Sorry to make this about me, but if you have a good working relationship with your doc it sucks to have to change it.



I hear you. The reason we have this mess is greed. Insurance companies make billions and they're - and their shareholders - are not about to give that up. For-profit "health care" is a contradiction in terms.
Zissy1

Location: Long Beach ca


Posted: Oct 5, 2021 - 2:37pm

 Red_Dragon wrote:


How timely. I've been going to the same provider for years and now they are suddenly "out of network" I plan on calling my carrier tomorrow to inquire about this nonsense.

I’m pretty blessed after reading some posts. Since covid I get a call once a month from my therapist. We chat for about 45 minutes and get my scripts for my meds to be called in. I’ll keep some of you in my good thoughts for you to get the help you need. 


black321

black321 Avatar

Location: An earth without maps
Gender: Male


Posted: Oct 5, 2021 - 2:09pm

 Red_Dragon wrote:


How timely. I've been going to the same provider for years and now they are suddenly "out of network" I plan on calling my carrier tomorrow to inquire about this nonsense.


Good luck.
I don't have out of network coverage, but I was able to get my insurance carrier to make an exception for my son...after I made a few hours of calls to in-network providers, a handful of which actually returned my call to say they had no availability. 
Red_Dragon

Red_Dragon Avatar



Posted: Oct 5, 2021 - 2:06pm

 black321 wrote:

WSJ article on finding a therapist. It's worth noting that if you can't find an in network provider, the insurance carrier has to provide out of network coverage, whether your plan has that option or not.


Finding a therapist who takes insurance was tough before the pandemic. Now, therapists and patients say, an increase in the need for mental-health care is making the search even harder.

Especially in big cities such as Los Angeles, New York and Washington, D.C., demand for mental-health care is so strong that many experienced therapists don’t accept any insurance plans, they say. They can easily fill their practices with patients who would pay out of pocket, they add. Therapists who do take insurance are often booked up. And in many smaller towns and rural areas, there are few mental-health professionals at all. Finding a provider who takes insurance, or lowering your rates in other ways, is possible but often takes legwork that can be draining when you are already grappling with mental-health issues.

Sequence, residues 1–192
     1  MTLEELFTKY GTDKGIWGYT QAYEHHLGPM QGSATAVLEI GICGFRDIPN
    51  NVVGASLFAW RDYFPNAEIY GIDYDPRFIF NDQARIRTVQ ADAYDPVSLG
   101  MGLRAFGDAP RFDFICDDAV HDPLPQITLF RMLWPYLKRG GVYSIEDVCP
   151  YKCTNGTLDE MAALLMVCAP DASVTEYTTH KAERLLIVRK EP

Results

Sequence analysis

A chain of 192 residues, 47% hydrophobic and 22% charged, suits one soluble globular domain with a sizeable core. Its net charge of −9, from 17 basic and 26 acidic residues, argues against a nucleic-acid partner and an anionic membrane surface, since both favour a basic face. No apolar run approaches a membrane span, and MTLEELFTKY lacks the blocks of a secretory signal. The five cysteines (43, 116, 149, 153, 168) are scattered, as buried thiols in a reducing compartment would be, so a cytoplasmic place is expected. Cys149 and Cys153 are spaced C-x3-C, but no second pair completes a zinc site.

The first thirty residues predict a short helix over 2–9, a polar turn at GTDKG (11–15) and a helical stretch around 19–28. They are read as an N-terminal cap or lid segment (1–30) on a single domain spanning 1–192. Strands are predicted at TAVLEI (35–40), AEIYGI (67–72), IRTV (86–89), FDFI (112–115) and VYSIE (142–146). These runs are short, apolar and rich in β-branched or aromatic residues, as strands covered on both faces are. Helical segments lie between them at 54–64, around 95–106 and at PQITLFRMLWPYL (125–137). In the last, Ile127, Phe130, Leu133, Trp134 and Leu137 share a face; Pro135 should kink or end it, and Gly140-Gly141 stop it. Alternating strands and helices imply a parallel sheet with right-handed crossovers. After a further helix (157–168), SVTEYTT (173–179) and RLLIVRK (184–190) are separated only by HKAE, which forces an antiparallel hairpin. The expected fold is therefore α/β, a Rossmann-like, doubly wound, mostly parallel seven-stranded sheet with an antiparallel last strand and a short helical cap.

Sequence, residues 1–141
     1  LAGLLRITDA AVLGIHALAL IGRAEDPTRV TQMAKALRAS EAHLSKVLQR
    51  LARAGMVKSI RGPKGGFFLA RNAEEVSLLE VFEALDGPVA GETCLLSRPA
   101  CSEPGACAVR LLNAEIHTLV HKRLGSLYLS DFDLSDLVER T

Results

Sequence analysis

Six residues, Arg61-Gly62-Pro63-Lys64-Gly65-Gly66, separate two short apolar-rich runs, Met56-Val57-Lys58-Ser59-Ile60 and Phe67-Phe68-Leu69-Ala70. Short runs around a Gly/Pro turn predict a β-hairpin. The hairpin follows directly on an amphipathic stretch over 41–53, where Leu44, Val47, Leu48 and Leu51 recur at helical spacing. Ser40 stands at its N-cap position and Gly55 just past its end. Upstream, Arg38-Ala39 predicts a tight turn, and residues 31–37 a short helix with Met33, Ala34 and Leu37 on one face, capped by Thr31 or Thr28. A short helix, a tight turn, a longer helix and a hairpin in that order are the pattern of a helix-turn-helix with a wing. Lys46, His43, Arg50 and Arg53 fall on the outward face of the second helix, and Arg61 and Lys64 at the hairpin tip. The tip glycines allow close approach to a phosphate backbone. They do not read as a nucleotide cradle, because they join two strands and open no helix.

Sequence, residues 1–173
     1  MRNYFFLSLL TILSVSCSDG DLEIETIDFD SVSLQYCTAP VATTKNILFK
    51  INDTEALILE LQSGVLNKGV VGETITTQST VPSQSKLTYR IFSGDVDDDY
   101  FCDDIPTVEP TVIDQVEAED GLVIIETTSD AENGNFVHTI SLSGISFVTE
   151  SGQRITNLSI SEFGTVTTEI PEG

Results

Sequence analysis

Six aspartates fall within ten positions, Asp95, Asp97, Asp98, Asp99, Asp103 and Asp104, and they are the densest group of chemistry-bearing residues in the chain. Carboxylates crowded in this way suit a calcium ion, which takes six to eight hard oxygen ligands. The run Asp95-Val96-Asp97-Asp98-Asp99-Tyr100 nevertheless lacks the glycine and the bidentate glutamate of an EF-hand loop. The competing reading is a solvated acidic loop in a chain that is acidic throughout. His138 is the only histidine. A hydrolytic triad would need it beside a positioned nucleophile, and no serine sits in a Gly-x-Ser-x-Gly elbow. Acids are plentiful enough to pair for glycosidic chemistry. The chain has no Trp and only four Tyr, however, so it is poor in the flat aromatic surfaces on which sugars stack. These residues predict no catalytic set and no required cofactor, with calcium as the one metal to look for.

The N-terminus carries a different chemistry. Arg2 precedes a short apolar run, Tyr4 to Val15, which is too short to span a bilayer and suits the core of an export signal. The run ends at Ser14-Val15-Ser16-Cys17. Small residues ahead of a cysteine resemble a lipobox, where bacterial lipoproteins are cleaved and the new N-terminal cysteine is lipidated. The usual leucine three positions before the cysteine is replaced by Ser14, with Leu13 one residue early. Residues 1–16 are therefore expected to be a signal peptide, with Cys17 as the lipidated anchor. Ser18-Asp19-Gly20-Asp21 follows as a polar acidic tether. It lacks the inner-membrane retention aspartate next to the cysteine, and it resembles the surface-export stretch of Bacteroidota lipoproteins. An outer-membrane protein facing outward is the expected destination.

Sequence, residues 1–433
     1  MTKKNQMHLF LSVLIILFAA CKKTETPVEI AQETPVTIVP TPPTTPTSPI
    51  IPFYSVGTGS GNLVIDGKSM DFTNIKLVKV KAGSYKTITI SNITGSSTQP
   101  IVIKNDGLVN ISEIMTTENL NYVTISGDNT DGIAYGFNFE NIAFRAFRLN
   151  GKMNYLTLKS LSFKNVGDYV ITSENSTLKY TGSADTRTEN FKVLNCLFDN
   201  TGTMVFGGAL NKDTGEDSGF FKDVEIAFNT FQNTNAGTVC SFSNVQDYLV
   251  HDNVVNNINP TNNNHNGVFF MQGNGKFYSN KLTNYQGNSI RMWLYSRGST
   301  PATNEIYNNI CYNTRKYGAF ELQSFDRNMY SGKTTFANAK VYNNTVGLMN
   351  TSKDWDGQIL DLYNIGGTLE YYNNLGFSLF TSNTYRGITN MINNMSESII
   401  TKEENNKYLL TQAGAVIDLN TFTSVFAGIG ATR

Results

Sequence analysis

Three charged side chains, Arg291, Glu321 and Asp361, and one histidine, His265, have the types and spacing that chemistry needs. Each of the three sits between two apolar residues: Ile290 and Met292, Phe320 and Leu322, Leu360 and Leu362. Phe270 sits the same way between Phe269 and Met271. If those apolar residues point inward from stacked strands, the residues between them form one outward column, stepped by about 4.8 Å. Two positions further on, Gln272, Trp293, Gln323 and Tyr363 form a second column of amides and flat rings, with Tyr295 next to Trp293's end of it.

Paying out of pocket for individual weekly therapy can add up to thousands of dollars a year. In major cities, the going rate for experienced clinical psychologists can be as much as $300 for a 45-minute session. The typical fee for a session with a licensed clinical social worker is between $120 and $180

Psychologists, social workers and psychiatrists who don’t accept insurance say that insurers’ reimbursement rates are too low.

About 34% of people with private insurance said they had difficulty finding a therapist who would accept their coverage, according to a 2016 survey—the most recent data available—

Office visits to mental-health providers are more than five times more likely to be out of network than are visits to primary-care providers, according to a 2019 report

need subscription:
https://www.wsj.com/articles/w...




How timely. I've been going to the same provider for years and now they are suddenly "out of network" I plan on calling my carrier tomorrow to inquire about this nonsense.
black321

black321 Avatar

Location: An earth without maps
Gender: Male


Posted: Oct 5, 2021 - 2:01pm

WSJ article on finding a therapist. It's worth noting that if you can't find an in network provider, the insurance carrier has to provide out of network coverage, whether your plan has that option or not.